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Are you starting a business? Hiring or firing top-level employees? Signing a deal or contract?Buying or merging with another company?When do you exactly need a business attorney?Before hiring a business attorney, you might want to ask your prospect these questions:o How long he has been practicing law?o What is his area of specialty?o Has he represented a similar company before?o Who are the other lawyers and paralegal who will work with him in the firm?o How much are the legal fees and the expenses that will be charged?o Are the sample legal forms, agreements and policies that you can see?o How many corporations has he incorporated?o Has he any experience in handling employment matters?o Has he any experience in dealing with tax issues?o Has he any business advice to keep you safe from lawsuits?When serious legal problems arise, you will need the skills and experience of a business lawyer. Here are a few situations when the services of a business lawyer are needed:o In special allocation meeting - This is the time when you and your business partner decide to set aside profits and losses in your partnership agreemento When either one of you in the partnership wants to donate or contribute an appreciated property to the partnershipo When an employee or former associate threatens to sue your companyIn addition, when business is running, you will need the services of a lawyer to do the following tasks:o Prepare written agreements for hiring of contractors and consultantso Create documents for clients and customerso Document business meetings and actionso Call and hold corporate meetings, and prepare its minuteso Draft buy-sell agreements with business partnerso Update and make necessary changes in business agreementso Handle tax auditGenerally, what a business attorney can do is protect your business from resource-draining lawsuits and litigation. A lawyer can always offer measures to avoid the potential danger of frivolous lawsuits. Here is some of it:o Protect personal assets by separating personal property from business assetso Give attention to details such posting of warning signs and labels on productso Post store policies in public areas such as dressing rooms, in company literature on the website and even in store receiptso Ensure potential hazards are cleared which include posting of warning signs to avoid accidentso Make a record of customer phone requests, suggestions and complaintso Attend to customer needso Supervise staff training on policies and guidelineso Make insurance coverage for the company against accidents, injuries, theft, and liability.Business attorneys are vital to business and finding the one who will truly represent your company is never easy. After selecting the lawyer that you need, the next thing to do is to find out information about his background and experience.Former colleagues and clients can provide you with a wealth of information about a lawyer's background and credentials. You can also check his membership in the state bar association to confirm his legal personality.For more information about the most relevant business law applicable to your particular case, request the guidance of business law attorneys services.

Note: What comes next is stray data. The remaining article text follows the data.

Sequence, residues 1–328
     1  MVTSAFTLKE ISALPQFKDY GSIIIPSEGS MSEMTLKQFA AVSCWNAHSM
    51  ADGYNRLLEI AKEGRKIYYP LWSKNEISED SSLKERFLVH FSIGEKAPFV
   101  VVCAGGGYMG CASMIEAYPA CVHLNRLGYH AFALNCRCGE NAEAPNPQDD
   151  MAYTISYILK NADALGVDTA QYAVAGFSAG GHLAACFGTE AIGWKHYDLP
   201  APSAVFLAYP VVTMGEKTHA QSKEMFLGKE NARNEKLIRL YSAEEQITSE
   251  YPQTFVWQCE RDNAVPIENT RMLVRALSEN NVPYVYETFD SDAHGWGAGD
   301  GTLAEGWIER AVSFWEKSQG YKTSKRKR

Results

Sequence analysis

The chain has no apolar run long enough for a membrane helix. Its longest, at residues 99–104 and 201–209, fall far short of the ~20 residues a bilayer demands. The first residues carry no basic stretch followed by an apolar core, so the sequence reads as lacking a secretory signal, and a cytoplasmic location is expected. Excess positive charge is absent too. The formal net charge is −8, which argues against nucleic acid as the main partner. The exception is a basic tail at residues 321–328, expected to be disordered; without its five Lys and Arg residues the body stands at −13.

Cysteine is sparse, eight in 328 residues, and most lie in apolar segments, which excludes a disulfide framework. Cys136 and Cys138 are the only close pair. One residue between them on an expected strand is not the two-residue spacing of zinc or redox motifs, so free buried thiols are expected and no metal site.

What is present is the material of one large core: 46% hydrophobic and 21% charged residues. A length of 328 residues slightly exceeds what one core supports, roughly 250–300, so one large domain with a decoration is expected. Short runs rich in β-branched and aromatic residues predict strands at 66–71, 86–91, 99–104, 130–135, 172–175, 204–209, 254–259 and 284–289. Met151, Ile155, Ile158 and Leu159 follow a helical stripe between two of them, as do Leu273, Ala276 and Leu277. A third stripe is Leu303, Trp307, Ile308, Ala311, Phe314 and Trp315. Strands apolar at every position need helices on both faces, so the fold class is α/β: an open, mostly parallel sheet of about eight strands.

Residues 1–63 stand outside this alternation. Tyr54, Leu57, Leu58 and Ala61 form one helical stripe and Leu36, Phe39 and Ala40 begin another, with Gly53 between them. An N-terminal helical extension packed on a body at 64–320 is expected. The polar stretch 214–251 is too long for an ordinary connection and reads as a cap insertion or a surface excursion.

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Contract Attorney

Do you need assistance with your contract?

A contract is a legally binding agreement made between two or more individuals.

The law protects all rights within a contract from the moment all parties sign it. The only exception is if a contract is deemed unlawful or contains serious inaccuracies.

Any party who does not follow promises made in a contract can be held liable.

A contract lawyer is necessary to make sure the contract is lawful and to make sure all parties signing the contract understand the details.

What Does a Contract Lawyer Do?

A contract lawyer serves two main purposes:

The first is drafting contracts and other legally binding documents.

The second is reviewing contracts that have already been drawn up – in some cases, by a different lawyer.

Contract law can be confusing and complicated.

Furthermore, the wording and formatting of legally binding documents tend to be perplexing to anyone who doesn’t fluently speak legal jargon. The purpose of a contract lawyer is to make creating – or signing – a contract a little less bewildering.

Contract Drafting

The first thing a contract lawyer does is draft a contract. This involves tailoring the legal document to fit your specific wants and needs.

It is not uncommon for certain words or phrases in a legal document to be taken the wrong way.

A business contract lawyer will go through the contract and clarify anything that might be questionable to either parties.

Hiring a contract lawyer to ensure you have a well-drafted contract is beneficial for the following reasons:

It will prevent disputes. A well-written contract with everything clearly established is going to make it harder for either party to dispute the contract. Ideally, the contract should satisfy both party’s wants and needs.